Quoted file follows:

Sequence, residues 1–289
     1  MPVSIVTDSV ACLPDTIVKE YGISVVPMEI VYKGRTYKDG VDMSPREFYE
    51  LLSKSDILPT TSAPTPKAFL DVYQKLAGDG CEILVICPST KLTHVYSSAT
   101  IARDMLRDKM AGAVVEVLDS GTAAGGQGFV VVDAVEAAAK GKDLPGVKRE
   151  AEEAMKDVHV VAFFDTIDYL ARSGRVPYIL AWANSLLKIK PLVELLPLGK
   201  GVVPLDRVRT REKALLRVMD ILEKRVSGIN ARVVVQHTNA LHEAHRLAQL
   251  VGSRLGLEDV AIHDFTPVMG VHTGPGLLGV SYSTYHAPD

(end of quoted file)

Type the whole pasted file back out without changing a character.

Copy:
Sequence, residues 1–289
     1  MPVSIVTDSV ACLPDTIVKE YGISVVPMEI VYKGRTYKDG VDMSPREFYE
    51  LLSKSDILPT TSAPTPKAFL DVYQKLAGDG CEILVICPST KLTHVYSSAT
   101  IARDMLRDKM AGAVVEVLDS GTAAGGQGFV VVDAVEAAAK GKDLPGVKRE
   151  AEEAMKDVHV VAFFDTIDYL ARSGRVPYIL AWANSLLKIK PLVELLPLGK
   201  GVVPLDRVRT REKALLRVMD ILEKRVSGIN ARVVVQHTNA LHEAHRLAQL
   251  VGSRLGLEDV AIHDFTPVMG VHTGPGLLGV SYSTYHAPD